Reb Hawkins   Rachel Standige
Arthur Adison Henley   Ada Uttley
Edith Mary Henley   Annie Uttley
Isable Henley   Harry Uttley
Maria Ann Henley   Rebecca Warden
Margaret Hyde   Hagar Wood

Report on the first year:

According to the above Resolutions the Meetings have been held Regularly during the past year, and were all well attended during the Winter months; in Summer the attendance was not so good which may be accounted for by the length and fineness of the evenings. On Saturday January 31st a Tea was provided for the Members, which they thoroughly enjoyed.

After the tea a Meeting was held, when a short addresses were given by some of the Senior Members, also recitations by some of the Junior Members, at the close of the Meeting John Clark was presented with a New Book by Mr T. W. Waterhouse as a Reward for having found the most texts of Scripture in support of Temperance principles. Each Junior member having been presented with an Orange, the Meeting broke up, all been well pleased with the Evenings enjoyment.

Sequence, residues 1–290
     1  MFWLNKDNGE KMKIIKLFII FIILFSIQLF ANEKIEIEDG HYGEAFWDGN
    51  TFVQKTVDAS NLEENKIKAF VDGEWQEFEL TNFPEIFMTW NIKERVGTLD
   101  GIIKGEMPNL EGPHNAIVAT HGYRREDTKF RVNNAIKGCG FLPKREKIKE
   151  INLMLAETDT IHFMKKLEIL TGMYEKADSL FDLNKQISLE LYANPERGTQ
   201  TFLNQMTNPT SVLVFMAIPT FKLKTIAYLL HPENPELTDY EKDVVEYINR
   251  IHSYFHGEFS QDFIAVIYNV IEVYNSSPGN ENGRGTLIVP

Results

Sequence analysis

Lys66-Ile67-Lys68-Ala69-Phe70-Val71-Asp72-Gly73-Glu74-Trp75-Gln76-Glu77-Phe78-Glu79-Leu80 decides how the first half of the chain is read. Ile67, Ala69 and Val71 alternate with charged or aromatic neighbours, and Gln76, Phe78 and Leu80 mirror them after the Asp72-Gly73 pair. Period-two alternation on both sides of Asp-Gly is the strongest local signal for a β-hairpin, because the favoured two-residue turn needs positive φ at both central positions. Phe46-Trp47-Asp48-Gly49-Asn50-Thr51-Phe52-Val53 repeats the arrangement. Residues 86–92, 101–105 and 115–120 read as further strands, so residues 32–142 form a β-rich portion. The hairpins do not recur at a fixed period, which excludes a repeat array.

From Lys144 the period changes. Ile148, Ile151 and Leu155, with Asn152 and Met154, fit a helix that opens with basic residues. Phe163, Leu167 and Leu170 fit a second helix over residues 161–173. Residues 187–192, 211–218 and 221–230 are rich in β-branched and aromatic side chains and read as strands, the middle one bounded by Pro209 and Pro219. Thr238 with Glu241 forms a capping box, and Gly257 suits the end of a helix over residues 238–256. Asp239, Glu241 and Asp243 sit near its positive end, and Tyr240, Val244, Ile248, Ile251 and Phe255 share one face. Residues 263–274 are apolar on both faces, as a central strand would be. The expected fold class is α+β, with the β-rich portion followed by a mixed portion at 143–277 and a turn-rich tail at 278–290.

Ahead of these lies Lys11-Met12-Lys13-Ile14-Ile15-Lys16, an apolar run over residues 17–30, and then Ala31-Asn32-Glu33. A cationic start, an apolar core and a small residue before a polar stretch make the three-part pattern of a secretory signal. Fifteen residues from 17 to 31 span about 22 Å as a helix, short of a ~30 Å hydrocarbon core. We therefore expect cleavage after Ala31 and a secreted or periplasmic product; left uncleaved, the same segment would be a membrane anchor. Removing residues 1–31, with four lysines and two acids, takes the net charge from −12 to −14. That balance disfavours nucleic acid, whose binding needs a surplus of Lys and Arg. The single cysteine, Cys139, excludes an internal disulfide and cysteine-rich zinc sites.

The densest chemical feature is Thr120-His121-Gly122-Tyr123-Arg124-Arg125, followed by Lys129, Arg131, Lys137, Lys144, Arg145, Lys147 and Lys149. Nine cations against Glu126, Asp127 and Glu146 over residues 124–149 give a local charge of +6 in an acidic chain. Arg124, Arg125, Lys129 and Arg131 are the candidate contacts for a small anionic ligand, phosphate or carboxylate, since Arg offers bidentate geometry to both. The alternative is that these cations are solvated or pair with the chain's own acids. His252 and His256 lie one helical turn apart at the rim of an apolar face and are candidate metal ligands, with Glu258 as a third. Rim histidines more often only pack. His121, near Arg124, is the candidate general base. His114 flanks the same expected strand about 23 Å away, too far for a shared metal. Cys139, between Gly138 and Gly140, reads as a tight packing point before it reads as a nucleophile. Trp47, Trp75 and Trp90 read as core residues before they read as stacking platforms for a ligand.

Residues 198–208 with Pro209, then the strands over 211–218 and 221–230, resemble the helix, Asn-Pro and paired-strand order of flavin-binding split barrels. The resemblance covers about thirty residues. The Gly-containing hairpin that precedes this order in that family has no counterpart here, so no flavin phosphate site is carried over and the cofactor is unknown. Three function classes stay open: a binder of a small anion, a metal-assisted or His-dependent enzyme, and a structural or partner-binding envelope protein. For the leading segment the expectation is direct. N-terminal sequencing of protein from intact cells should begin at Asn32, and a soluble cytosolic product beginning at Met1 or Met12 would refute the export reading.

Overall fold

Additions to the Band of Hope roll 1874-76
Maynard Anderson 1874   Arthur W Waterfall 1874
Henry Banks 1874   Jane Whitaker 1874
Sarah Bewsher 1874   Mary Whitaker 1874
William Brown 1874   Annie Wood 1874
Ann Cardus 1874   John Wood 1874
Dan Cardus 1874   Mary Foster 1875
Nanny Cardus 1874   Alice Standige 1875
Edward Carr 1874   Cecilia Standige 1875
James Carr 1874   Mary A Standige 1875
Mary Cartwright 1874   Jane Banks 1876
John Clark 1874   H Bateson 1876
Joseph Clark 1874   William Bateson 1876
Richard Clark 1874   D Bewsher 1876
William Clark 1874   Thomas Bewsher 1876
Joseph Harker 1874   Michael Cardus 1876
Solomon Harker 1874   William Cardus 1876
George Hyde 1874   Edwin Carr 1876
James Hyde 1874   Al Edmonden 1876
Robert Hyde 1874   Ed Edmonden 1876
Robert Kirkley 1874   Ros Edmonden 1876
Elizabeth Metcalfe 1874   Albert Edmondson 1876
Margaret Metcalfe 1874   John Hyde 1876
Edward Moorby 1874   Leonard Lister 1876
William Moorby 1874   William Lund 1876
James Morphet 1874   George Newsholme 1876
John Parker 1874   Henley Newsholme 1876
Ellen Parkinson 1874   H Parker 1876
R K Richardson 1874   M Parker 1876
Susannah Shackleton 1874   Thomas Parker 1876
Ann Sidgwick 1874   Ellen Ryder 1876
Ellen Sidgwick 1874   John Scott 1876
Hannah Slater 1874   Ellen Varley 1876
Ellen Standige 1874   Charles Waterfall 1876
Emma Standige 1874   George H Waterfall 1876
Margaret Standige 1874   Margaret Whitaker 1876
John Warden 1874        

The Drunkards Progress. Image from Wikimedia Commons External Website logo

The Wesleyan Methodist Young Abstainers League seems to have appeared briefly in 1921, though the record book shows only eight youngsters enrolled: